For the word of God is quick, and powerful, and sharper than any two-edged sword, piercing even to the dividing asunder of soul and spirit, and of the joints and marrow, and is a discerner of the thoughts and intents of the heart (Hebrews 4:12).
In last Sunday’s sermon we meditated on Hebrews 4:12-13. I noted that the phrase, “Word of God,” has at least three meanings in the NT. It can refer to Jesus himself, to the preaching of the gospel, and to the inscripturated or written word. I also noted that in Hebrews 4:12 I think the Word of God refers primarily to Scripture (especially given the context of reflection on Psalm 95:7-11 in Hebrews chapters 3-4). In Hebrews 4:12, the inspired author uses four terms to describe the Word of God:
1. The Word of God is quick [living; Greek participle zon; like the name Zoe, meaning “life”]. For the use of “quick” compare the traditional phrasing of the Apostles’ Creed which says Jesus will return to judge “the quick and the dead” (i.e., the living and the dead).
There are many who would like for the Bible to be dead. They would like to officiate at its funeral. There are those who would like to place the Bible behind velvet ropes in a museum, like some religious artifact, telling the curious, “People actually used to read this old book and to follow its precepts.” There are some who want to treat the Bible as a literary treasure to be perhaps admired and studied but not taken seriously spiritually. Like the Prodigal Son they would like to take some cultural inheritance from the Bible while they run off to some far country to indulge in riotous living.
But the inspired author reminds us here that his Word is alive, and so is the preaching that thunders from it. It is a living Word, because it proclaims a living Christ and a living hope in the gospel.
2. The Word of God is powerful [the Greek word is energes, root for the English word “energy” and “energetic”; some modern translations render the Greek term as “active” or “effective”]. The opposite of this would be weak, limp, ineffective. Some have slandered the character of the Word of God, but the inspired writer is standing up as a witness to give testimony to the Word of God’s power to change men’s hearts and lives, to shape them into conformity to Christ, and to preserve them faithful unto the end.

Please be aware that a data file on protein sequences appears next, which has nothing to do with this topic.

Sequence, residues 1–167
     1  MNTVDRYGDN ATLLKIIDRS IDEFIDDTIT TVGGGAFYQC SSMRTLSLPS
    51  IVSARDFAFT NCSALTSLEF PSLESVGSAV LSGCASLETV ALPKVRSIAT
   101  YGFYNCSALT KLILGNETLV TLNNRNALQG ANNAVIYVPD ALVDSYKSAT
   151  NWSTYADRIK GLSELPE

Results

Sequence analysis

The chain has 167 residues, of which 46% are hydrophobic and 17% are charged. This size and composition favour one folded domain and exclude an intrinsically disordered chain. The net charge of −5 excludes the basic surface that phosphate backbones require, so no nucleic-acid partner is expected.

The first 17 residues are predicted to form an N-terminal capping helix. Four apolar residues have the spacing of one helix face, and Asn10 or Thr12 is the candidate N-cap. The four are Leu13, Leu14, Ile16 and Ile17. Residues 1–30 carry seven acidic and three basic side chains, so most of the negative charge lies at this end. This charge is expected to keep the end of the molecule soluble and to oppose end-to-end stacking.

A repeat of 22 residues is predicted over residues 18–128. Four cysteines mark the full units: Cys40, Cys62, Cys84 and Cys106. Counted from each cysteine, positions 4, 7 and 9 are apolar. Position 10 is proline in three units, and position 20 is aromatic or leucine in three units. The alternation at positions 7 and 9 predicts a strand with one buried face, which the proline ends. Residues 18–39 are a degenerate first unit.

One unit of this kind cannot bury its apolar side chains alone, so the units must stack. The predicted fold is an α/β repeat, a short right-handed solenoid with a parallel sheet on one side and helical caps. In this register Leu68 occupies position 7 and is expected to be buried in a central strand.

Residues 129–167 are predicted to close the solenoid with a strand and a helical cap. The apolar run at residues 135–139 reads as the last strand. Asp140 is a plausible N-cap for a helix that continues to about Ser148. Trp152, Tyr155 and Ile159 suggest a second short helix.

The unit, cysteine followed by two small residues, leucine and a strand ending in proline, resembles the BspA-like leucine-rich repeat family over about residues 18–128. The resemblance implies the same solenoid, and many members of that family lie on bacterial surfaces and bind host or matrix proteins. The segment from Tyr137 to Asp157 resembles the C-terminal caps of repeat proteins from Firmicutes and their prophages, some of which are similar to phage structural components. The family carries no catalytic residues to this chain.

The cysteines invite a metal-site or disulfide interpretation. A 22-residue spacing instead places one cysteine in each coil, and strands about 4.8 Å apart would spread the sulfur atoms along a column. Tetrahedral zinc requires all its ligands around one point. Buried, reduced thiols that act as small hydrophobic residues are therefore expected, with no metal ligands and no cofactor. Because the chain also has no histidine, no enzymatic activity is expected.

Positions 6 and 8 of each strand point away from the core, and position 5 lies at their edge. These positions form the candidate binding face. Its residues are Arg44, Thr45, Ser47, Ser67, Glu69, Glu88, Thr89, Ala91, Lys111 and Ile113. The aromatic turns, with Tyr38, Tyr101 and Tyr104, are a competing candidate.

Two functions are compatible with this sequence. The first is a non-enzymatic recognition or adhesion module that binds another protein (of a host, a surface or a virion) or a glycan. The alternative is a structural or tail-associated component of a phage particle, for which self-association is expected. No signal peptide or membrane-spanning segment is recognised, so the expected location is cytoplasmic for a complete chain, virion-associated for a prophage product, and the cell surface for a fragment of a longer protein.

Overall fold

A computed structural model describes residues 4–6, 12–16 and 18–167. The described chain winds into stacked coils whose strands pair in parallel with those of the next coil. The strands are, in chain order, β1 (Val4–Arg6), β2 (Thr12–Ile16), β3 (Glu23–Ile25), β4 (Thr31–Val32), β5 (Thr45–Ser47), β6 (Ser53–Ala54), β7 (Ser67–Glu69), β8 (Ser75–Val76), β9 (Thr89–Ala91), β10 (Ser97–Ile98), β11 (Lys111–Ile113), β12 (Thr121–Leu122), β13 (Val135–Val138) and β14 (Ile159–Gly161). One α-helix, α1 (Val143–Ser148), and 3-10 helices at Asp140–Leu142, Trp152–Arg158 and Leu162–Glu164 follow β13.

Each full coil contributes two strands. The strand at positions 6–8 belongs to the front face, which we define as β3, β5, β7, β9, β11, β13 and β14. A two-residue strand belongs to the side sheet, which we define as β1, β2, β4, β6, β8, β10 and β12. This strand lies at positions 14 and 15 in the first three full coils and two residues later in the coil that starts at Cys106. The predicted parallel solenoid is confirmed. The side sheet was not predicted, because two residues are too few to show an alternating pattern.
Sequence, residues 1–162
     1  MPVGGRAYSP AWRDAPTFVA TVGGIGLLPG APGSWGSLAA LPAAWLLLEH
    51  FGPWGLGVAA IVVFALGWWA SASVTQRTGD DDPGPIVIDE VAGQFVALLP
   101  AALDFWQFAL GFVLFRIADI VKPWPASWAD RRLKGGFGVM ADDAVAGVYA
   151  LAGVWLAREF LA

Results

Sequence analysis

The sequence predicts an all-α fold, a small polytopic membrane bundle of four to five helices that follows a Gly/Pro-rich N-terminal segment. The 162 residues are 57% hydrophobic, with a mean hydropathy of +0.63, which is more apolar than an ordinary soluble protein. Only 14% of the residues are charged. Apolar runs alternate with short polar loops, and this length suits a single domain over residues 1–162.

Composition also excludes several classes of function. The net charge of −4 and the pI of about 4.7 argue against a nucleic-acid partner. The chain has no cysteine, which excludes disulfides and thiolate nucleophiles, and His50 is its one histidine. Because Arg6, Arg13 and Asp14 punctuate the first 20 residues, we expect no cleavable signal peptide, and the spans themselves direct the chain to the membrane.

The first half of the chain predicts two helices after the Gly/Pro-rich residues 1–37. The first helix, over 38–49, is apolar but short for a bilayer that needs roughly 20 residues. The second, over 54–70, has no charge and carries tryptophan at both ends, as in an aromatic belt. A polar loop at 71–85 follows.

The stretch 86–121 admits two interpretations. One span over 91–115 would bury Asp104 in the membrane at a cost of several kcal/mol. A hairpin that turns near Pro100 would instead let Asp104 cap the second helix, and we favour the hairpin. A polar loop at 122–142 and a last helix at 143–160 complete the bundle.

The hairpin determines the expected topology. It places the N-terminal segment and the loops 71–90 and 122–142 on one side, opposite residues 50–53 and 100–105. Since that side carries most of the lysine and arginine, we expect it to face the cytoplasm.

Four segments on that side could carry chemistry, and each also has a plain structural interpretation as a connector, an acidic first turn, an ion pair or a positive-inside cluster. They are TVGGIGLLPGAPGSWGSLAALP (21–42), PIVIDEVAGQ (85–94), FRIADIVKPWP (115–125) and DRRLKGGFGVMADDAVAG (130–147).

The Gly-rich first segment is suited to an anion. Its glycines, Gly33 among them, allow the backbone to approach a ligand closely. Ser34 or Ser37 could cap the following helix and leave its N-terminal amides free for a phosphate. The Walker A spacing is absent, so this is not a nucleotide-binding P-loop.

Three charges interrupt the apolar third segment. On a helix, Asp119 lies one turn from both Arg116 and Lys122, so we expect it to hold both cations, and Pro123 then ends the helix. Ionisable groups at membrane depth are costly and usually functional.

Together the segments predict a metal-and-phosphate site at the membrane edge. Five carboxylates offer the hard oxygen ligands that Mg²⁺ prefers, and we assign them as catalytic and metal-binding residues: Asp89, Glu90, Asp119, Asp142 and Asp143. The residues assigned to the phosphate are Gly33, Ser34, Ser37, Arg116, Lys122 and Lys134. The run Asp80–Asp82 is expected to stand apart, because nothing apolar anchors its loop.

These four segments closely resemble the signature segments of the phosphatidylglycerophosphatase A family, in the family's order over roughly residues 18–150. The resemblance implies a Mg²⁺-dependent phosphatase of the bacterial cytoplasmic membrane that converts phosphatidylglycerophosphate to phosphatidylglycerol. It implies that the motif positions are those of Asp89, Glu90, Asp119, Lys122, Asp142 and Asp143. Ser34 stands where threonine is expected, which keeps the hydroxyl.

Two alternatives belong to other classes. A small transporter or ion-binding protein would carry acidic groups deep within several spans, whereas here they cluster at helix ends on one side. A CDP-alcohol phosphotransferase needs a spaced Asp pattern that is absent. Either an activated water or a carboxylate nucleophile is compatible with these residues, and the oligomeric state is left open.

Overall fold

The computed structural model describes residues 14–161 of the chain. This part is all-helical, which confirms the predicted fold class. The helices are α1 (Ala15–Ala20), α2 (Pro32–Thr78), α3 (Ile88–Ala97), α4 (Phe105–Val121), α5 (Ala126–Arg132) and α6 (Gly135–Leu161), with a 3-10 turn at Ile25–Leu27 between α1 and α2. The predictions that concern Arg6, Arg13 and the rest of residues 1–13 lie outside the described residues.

3. The Word of God is sharper than any two-edged sword. The comparative adjective “sharper” here comes from the Greek word tomos. It is also the root for the English word “atom.” An atom is the basic building block that cannot be cut or split without creating a great explosion of energy (i.e., It is a-tomos]. The Word of God is sharp; it is cutting. It has the ability to cut that which seems un-cut-able, to split that which seems un-split-able.
It is sharper than a two-edged (literally a double-mouthed) sword. This was the weapon of the Roman soldiers. The Word of God is like a finely honed weapon, like a well sharpened knife, that cuts to the heart spiritually speaking. It cuts away pretense from authenticity, the phony from the real. It separates the meat from the bones, the joint from the marrow. It is like a surgical scalpel in the hand of the Great Physician.
The Word of God cuts to the heart of the matter. It calls us to die to ourselves and to live for Christ. It calls us to deny ourselves, to take up our cross daily, and to follow him.
4. The Word of God is “a discerner of the thoughts and intents of the heart.” The noun for “discerner” here is the Greek word kritikos, an adjective meaning “able to judge,” the root for the English word “critic.”
A critic is not merely someone who is critical, or who simply gives criticism to tear down. But a critic is one who has the ability or expertise to pass an informed judgment or to give an accurate evaluation. We need more than our own subjective judgments about what is right and wrong, noble or ignoble, praiseworthy or shameful, because “the heart is deceitful above all things, and desperately wicked: who can know it?” (Jeremiah 17:9).
We need the authority of the Word of God in order to discern the appropriateness or inappropriateness of our own subjective experiences and to tell us what is godly and what is ungodly.
Grace and peace, Pastor Jeff Riddle
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